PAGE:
Are Snake Plants Succulents? Let’s Know Something New


Last Updated:

Hi Emma, are you busy? 

– Ohh, hi! Not much. I am just inspecting my plants. But what’s the matter, David, you and this time? 

I know you stay at home at this time. That’s why I came to you to learn something. Actually, I want to grow snake plants in my home. But someone told me you need succulent soil for this plant. When I wanted to know the reason, he couldn’t say. As you also have snake plants and are experienced, I decided to learn the truth from you.  

So can you please tell me, are snake plants succulents?

Are Snake Plants Succulents

As you come, let’s know more about this.

What Is Succulent Plant?

Do you know Devid what a succulent plant is? 

– To be honest, this term is new to me. Can you please explain? 

Sure, succulents are a captivating wide range of hardy plants known for their plump, juicy appearance and impressive drought tolerance. The word “succulent” itself comes from the Latin word “sucus.”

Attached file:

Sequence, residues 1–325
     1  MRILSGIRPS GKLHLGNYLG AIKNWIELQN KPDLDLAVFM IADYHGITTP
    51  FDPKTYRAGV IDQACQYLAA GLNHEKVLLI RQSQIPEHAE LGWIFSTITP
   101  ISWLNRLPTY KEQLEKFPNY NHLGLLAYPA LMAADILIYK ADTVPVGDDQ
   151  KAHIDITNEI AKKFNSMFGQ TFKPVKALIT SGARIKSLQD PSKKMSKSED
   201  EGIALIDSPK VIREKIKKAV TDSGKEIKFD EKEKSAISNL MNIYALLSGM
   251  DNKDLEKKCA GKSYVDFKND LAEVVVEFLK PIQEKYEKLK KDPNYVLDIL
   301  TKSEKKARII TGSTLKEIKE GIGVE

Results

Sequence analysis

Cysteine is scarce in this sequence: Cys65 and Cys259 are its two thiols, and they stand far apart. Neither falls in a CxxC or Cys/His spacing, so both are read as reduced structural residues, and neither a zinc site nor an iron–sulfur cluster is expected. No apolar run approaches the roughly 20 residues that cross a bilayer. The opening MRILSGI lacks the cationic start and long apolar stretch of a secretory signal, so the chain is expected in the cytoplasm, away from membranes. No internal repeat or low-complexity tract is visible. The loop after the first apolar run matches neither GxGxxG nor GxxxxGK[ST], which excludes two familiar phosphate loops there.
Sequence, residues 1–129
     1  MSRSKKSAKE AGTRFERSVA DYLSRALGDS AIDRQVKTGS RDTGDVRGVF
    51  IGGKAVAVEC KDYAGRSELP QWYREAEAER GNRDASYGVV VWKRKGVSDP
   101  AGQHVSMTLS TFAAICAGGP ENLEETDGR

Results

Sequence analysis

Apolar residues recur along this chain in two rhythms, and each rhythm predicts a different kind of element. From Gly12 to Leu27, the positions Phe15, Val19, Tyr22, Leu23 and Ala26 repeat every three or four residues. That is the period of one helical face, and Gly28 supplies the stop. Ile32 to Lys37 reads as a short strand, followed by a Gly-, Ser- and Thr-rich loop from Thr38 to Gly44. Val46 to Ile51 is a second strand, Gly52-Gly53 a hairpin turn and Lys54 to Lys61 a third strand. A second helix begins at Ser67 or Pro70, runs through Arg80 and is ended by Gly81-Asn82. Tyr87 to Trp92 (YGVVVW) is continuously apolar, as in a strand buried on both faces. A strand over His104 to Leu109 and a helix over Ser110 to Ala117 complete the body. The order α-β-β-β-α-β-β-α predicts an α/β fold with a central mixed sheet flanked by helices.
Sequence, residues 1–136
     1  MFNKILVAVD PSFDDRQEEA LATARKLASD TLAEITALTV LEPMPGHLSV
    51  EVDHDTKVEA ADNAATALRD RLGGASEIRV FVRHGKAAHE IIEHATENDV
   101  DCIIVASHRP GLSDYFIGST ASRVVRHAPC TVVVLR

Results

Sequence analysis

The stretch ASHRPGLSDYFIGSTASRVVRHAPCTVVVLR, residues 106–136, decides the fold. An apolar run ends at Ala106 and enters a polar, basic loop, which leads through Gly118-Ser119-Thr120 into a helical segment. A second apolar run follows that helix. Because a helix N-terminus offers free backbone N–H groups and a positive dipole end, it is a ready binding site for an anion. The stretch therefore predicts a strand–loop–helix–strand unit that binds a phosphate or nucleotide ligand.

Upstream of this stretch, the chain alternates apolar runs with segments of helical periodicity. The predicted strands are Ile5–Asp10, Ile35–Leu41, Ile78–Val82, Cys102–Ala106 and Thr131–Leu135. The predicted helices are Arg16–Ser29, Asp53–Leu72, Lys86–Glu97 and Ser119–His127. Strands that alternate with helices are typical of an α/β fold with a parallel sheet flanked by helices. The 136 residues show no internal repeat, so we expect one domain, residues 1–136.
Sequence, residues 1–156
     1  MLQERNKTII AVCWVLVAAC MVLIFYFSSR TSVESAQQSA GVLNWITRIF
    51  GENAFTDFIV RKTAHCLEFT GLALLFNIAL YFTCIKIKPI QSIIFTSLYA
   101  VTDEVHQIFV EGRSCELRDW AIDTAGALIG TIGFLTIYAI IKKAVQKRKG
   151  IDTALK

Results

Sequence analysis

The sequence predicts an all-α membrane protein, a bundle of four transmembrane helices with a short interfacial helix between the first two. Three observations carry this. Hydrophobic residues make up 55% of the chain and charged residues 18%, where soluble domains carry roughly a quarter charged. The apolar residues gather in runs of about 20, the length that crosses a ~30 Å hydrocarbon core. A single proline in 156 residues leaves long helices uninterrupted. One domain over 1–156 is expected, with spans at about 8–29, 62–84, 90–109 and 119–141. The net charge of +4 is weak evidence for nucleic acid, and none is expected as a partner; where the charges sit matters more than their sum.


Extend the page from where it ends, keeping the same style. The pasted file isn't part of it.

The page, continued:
It means juice or sap, hinting at their secret weapon for survival in dry environments. These superstars of the plant world store water in their thickened leaves, stems, or even roots. This allows them to weather long periods between drinks. They are perfect for cold temperatures. And since they are low-maintenance, people prefer them as indoor plants.

Imagine a cactus, the quintessential succulent, with its spiny green stem. That stem isn’t just for show. It’s a reservoir for precious water.  But succulents come in a much wider variety than just cacti. People often get confused about snake plants being cactus.

Echeverias, with their rosettes of colorful, fleshy leaves, are popular choices for their unique shapes and vibrant hues. Aloe vera, a succulent with well-known medicinal properties, has spear-shaped leaves filled with a soothing gel.  

These are just a few examples of the incredible diversity found within the succulent world. Despite their different shapes and sizes, succulents all share the same fundamental adaptation: the ability to store water during drought. 

What Is Succulent Plant

This adaptation makes them perfect for hot, dry climates like deserts. But you can also translate well to low-maintenance houseplants.